So apologies for the delay, but when there's magic on tv, well, you've got to watch really haven't you. No? OK, I have to watch, which seems eminently fair to me.
Time was, so I'm reliably informed, when typhoons were an Autumn phenomenom. Certainly when I came to Japan first they seemed to congregate in September and October as a sort of 'Summer-heat-is-over' signal that meant body odour was no longer going to be such a problem for every westerner in Japan.
But it is a measure of how buggered up the weather patterns have become by global warming as last weekend we had typhoon number 6 pass by, and my what a biggy it was too! Usually typhoons seem to hug the coastline, moving up from Taiwan and Okinawa and, once they get to the bottom of Kyushu, either head left towards Korea or veer right along the coast of Honshu, occasionally wandering up past Tokyo but more often that not moving back out to sea. Maybe there is a meterological reason for this, maybe not, but this bugger moved slightly to the right of Kyushu and then just kept going, passing right over Shikoku and Honshu and, in the process, doing its worst.
If you've never been in a typhoon, they are pretty wicked things (or a hurricane, for that matter. By the by, know the difference between a hurricane and a typhoon? Guesses/answers in the comments section please). They start with a stiffening of the breeze about a day before they are going to hit. This can be quite pleasant as they sometimes push cooler air in front, so you get a nice cool breeze, hence everyone quite likes them in Autumn. Then the wind starts to really pick up, and clouds start to form and the air gets wetter. First a few spots of rain, then a steady fall, but not too heavy. Then, an hour or two before it hits, things begin to pick up. The rain gets heavier and the wind really starts to howl over the balcony and through the telegraph wires. When it hits proper it really is time to batten down the hatches. The rain is coming down at 30-40 cms per hour and wind is whistling past at 160kms, heady stuff and hot and sticky too boot. No walking in that, and no surfing, though some always try and a chap died on Sunday off Shikoku trying that very thing (surfing, not walking). All the trains stop running, all the streets are empty, ghost town stuff and the wind howls.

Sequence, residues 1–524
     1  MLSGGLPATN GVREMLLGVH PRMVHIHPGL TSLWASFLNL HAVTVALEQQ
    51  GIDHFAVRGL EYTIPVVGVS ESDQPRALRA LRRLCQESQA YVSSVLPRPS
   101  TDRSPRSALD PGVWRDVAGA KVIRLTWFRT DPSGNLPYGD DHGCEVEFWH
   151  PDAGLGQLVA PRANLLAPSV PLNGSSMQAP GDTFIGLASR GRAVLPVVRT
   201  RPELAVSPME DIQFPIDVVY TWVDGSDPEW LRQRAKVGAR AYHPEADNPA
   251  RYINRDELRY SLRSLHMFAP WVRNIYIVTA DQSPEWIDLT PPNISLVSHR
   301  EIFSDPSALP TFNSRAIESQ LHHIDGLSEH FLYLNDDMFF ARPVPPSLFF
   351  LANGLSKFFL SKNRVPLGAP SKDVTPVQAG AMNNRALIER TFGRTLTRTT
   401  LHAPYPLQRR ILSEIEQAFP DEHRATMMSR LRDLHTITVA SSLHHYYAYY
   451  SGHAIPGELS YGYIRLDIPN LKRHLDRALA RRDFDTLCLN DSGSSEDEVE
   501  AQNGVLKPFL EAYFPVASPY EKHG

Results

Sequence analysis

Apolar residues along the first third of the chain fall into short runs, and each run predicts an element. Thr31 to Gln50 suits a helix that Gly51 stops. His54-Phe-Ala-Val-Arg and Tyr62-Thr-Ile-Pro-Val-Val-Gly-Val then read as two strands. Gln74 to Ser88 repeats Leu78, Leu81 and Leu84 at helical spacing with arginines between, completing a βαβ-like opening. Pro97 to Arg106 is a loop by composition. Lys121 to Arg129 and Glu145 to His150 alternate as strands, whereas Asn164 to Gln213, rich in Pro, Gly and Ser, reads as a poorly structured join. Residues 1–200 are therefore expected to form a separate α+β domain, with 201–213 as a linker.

And then it stops.
Absolutely and completely.
Calm in the eye of the storm? You betcha, and it is that which is the strangest thing. No wind, no rain, just stillness and silence after all that noise and fury. And you know it is only for a short time and so its the waiting for the restart that gets you. Because it all starts again with no warning at all, suddenly the wind is howling again and the rain driving horizontally into the buildings and you have to sit it out for another hour or two to wait for things to die down.
When this happens in the Autumn the air after is often beautifully cool, clear and soft, like it has been freshly washed and laundered, which it kind of has, and so the world looks a little brighter and cleaner, everything seems a little sharper and in focus. But with number 6 being at the start of summer it brought with it loads of moist warm air from the south pacific, meaning that on Tuesday the temperatures in Tokyo hit 33 degrees and 37 in Saitama - these are the temperatures we usually see in the dog days of August and are far from pleasant. Last year, in a cooler than usual summer the temp in Tokyo never got above 32, so to hit 33 in June doesn't bode well for a pleasant summer (though aircon manufacturers and brewers have big smiles right now).
As with anything to do with nature in Japan, this is of course dangerous (think earthquakes, volcanoes and mud slides - dangerous country...). 4 people, I think, died because of this typhoon, and all of our new teachers who arrived on Monday were delayed as flights were held, shinkansens cancelled and roads made impassable, all from a bit of rain. Powerful stuff, I guess.
Luckily I got all the plants inside and so all were protected from the ravages of nature, just in case you were worried. Oh, and I'm not sure I've mentioned it but we have some new additions, now we have mint, growing as if its life depended on it, little chilli plants which seem hale and hearty (though no chillis yet) and shiso, or Japanese basil, which I am rapidly discovering doesn't like too much water - god knows how it survives June in this country...